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How to Govern a City on the Hill: The Early Puritan Contribution to American Constitutionalism

John Witte Jr.

Emory University School of Law


Emory Law Journal, Vol. 39, p. 41, 1990

While they maintained firm and sometimes brutal religious establishments, the New England Puritans also helped cultivate a number of striking constitutional ideas that would prove influential for the United States after the American Revolution. Among the most novel were their ideas of social, political, and ecclesiastical covenants, rooted in biblical covenant thinking but prescient of later secular social and government contract theories. Also influential were their ideas of natural rights and liberties and their necessary protection by church and state authorities alike. But the Puritans’ most prescient and enduring contribution lay in their theory of sin and the need to create constitutional safeguards against tyranny. This led them to develop early doctrines of separation of church and state, separation of powers within church and state, checks and balances amongst these powers, federalist layers of authority, codification of laws and limitations on equity, democratic election of religious and political officials, and the practice of congregational and town meetings between elections to render officials accountable to their constituents.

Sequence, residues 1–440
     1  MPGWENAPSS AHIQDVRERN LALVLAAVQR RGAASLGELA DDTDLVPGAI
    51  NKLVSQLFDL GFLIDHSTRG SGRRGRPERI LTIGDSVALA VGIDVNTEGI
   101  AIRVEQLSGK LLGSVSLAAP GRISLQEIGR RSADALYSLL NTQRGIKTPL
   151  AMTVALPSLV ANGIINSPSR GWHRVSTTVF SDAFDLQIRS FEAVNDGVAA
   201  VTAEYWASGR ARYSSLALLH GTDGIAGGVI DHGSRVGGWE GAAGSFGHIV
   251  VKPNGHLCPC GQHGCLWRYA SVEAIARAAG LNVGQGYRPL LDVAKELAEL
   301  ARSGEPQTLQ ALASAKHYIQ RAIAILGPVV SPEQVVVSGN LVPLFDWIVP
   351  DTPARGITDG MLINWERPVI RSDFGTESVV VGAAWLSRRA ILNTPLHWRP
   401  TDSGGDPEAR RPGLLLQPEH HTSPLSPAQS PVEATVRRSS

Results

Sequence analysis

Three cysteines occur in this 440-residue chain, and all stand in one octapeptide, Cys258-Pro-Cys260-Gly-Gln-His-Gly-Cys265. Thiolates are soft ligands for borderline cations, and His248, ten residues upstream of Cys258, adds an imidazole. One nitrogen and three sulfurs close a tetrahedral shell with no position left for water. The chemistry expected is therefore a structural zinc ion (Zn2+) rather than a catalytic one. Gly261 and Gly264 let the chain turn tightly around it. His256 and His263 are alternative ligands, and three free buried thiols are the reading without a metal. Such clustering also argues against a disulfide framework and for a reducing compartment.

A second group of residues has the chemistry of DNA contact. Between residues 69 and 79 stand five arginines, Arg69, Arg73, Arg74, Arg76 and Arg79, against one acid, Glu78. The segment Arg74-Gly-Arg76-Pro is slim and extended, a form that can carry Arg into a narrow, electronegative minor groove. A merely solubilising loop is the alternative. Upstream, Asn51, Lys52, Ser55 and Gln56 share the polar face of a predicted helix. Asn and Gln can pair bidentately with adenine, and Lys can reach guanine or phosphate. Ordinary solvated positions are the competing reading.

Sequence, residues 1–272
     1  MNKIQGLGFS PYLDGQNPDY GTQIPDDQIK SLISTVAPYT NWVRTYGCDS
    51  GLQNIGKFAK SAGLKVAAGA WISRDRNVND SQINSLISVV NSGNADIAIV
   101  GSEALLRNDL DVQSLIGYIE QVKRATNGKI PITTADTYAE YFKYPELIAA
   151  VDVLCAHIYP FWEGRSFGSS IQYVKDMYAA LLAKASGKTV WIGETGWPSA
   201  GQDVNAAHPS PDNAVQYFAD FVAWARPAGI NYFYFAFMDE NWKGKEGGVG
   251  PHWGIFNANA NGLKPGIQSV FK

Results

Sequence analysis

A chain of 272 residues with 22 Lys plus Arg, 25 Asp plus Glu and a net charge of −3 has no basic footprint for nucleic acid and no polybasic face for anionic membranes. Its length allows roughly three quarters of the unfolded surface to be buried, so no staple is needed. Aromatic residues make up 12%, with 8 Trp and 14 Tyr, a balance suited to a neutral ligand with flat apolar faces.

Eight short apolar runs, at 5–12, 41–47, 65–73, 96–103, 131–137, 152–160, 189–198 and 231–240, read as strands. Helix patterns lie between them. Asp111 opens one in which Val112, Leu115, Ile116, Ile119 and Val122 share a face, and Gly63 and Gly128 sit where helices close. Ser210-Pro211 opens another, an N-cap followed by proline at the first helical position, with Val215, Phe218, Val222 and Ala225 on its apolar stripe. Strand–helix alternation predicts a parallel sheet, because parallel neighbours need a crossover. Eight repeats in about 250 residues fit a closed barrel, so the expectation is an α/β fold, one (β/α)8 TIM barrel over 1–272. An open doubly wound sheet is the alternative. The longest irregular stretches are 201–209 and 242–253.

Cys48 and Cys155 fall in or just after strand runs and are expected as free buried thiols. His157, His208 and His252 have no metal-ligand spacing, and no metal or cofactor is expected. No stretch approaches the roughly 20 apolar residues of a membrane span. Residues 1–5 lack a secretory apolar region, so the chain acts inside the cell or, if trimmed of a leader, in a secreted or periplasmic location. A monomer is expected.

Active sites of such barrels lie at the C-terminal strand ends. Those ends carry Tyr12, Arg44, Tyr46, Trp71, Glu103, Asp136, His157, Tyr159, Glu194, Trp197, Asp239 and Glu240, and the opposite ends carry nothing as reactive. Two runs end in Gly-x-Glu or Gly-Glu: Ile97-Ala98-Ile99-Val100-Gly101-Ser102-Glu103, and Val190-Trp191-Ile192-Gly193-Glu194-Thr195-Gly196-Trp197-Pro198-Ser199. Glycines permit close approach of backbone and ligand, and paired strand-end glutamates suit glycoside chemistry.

The themes and contents of this early Article were greatly expanded and revised in the author’s later book: The Reformation of Rights: Law, Religion, and Human Rights in Early Modern Calvinism (Cambridge University Press, 2007).

Number of Pages in PDF File: 24

Keywords: Puritanism; Constitution; Covenant; Natural Rights and Liberties; Separation of Church and State; Separation of Powers; Checks and Balances; Democratic Election; Town Meetings; Congregational Meetings; John Winthrop; Thomas Hooker; Samuel Willard

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Date posted: June 3, 2011 ; Last revised: October 4, 2014

Suggested Citation

Witte, John, How to Govern a City on the Hill: The Early Puritan Contribution to American Constitutionalism (1990). Emory Law Journal, Vol. 39, p. 41, 1990. Available at SSRN: https://ssrn.com/abstract=1851134

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John Witte Jr. (Contact Author)
Emory University School of Law ( email )
1301 Clifton Road
Atlanta, GA 30322
United States
404-727-6980 (Phone)
404-712-8605 (Fax)

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